Last December (21014) Accenture published a paper on ‘Government as a Digital Disruptor. It spoke of the need for an eco-system for open, collaborative, creative engagement. Read the paper here.

 

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One more review of Chat Republic – “Long Live the Republic!”

Amazon review of my book, Chat Republic. The review is by Peggy Bieniek

“American designer, author and artist Edwin Schlossberg said that “the skill of writing is to create context in which other people can think.” Angelo Fernando does just that in his book, Chat Republic. Angelo gives his readers a lot to think about as it relates to our use and obsession with social media. He has included so much content, in fact, that he could have created a collection of books, each with its own conversation and tips about the many subjects that he covers in Chat Republic – podcasting, digital storytelling, communication by citizen-driven grassroots organizations, social listening, “democracy in the digital age” and so much more.” 

Read the rest of her review, here. 

 
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Posted by on March 3, 2014 in Social Media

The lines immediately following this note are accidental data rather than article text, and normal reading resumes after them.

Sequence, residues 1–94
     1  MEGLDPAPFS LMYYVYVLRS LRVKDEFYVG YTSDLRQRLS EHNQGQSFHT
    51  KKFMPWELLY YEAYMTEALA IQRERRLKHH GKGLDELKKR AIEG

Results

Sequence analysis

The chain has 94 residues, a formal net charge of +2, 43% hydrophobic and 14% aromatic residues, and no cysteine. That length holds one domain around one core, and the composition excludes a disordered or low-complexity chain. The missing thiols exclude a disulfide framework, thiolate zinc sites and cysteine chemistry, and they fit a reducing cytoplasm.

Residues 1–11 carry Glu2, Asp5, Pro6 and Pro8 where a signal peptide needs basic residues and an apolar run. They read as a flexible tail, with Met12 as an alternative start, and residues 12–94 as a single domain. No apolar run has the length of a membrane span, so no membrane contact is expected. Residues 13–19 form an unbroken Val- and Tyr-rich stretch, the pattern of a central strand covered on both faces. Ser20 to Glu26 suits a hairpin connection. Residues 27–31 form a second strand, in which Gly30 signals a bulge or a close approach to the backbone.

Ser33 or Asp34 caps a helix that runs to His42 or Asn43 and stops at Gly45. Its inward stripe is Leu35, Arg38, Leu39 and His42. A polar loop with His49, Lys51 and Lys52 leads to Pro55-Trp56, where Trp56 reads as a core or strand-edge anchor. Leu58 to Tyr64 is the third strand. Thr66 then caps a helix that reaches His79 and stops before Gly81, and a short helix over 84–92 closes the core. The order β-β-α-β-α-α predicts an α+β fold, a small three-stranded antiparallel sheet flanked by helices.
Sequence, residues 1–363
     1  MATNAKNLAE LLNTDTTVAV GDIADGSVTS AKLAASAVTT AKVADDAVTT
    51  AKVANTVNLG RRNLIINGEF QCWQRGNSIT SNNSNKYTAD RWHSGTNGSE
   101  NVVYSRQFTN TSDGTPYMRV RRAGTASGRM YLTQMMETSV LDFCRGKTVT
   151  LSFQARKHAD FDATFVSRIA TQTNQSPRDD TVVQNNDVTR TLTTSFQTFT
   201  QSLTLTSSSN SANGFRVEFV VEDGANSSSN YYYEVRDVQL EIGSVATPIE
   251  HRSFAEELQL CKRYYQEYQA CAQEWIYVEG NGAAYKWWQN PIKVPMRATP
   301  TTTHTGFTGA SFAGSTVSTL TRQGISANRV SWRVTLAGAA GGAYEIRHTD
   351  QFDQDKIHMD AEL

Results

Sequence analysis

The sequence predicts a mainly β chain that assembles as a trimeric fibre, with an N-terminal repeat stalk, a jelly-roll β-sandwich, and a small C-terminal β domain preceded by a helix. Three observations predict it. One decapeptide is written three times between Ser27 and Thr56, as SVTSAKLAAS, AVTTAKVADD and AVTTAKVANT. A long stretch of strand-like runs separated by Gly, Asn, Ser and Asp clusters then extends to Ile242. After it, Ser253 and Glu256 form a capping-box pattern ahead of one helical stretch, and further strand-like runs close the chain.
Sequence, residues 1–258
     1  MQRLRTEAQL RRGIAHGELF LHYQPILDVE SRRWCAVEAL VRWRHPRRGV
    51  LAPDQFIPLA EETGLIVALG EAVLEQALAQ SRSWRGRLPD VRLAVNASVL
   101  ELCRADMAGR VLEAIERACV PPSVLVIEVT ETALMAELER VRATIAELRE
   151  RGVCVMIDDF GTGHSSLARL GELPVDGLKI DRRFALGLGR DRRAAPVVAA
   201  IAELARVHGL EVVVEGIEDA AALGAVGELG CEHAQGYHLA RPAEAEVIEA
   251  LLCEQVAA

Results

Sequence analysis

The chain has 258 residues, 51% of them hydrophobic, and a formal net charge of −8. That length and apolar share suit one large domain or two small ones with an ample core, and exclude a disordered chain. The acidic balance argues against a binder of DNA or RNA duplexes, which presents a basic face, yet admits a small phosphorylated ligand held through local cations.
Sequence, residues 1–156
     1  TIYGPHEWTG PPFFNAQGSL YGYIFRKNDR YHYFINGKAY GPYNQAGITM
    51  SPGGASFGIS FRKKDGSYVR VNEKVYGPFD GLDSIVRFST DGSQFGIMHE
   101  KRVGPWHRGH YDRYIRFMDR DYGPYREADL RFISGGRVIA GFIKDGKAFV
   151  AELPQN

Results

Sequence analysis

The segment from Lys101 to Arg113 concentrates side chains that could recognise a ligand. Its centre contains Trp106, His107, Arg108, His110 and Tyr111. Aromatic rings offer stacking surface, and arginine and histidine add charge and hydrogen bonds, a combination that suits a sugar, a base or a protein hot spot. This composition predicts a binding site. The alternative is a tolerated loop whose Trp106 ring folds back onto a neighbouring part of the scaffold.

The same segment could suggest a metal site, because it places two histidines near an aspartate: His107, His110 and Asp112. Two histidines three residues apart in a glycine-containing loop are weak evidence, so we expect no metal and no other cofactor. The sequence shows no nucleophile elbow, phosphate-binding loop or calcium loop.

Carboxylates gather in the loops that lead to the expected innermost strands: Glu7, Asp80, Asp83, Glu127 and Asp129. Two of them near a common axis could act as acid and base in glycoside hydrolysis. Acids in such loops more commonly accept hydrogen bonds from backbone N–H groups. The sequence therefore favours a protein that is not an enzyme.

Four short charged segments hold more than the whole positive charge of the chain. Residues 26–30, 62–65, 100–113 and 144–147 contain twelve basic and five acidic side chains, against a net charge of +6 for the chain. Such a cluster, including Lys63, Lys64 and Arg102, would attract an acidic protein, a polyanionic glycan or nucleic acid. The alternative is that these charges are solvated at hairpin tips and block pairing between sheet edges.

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Humanize Your Communication – Presentation from IABC Phoenix event

When you are online do you act like a Visitor or Resident?

I sometimes joke that, whenever I hear the phrase “If Facebook was a country (often said to impress that a huge chunk of humanity is online), I am tempted to say...“I would quickly seek asylum somewhere else!”

That was one of the points I raised at my discussion with members of IABC Phoenix last Thursday, at their luncheon meeting. The point was not just about Facebok, per se, but about what it means to be a “resident” in a hyper-social world.

Interestingly enough, it’s something I touch on now, when teaching students in the computer and technology lab –my 6th grade class– what it means to be a digital citizen: Their roles, and expectations. We often have to ask ourselves: do we trade one of these for the other?

  • Visitor or Resident?
  • Antenna or Amplifier?
  • Symmetric or asymmetric?
  • Ambient Intimacy or “Alone Together”

Prezi - Chat Republic - IABCPhoenix

For those who have asked: Here’s a link to last my presentation: Humanizing Your Communication.” It’s hosted on Prezi. So much more interesting that PowerPoint.

 
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Posted by on February 24, 2014 in Chat Republic, Social Media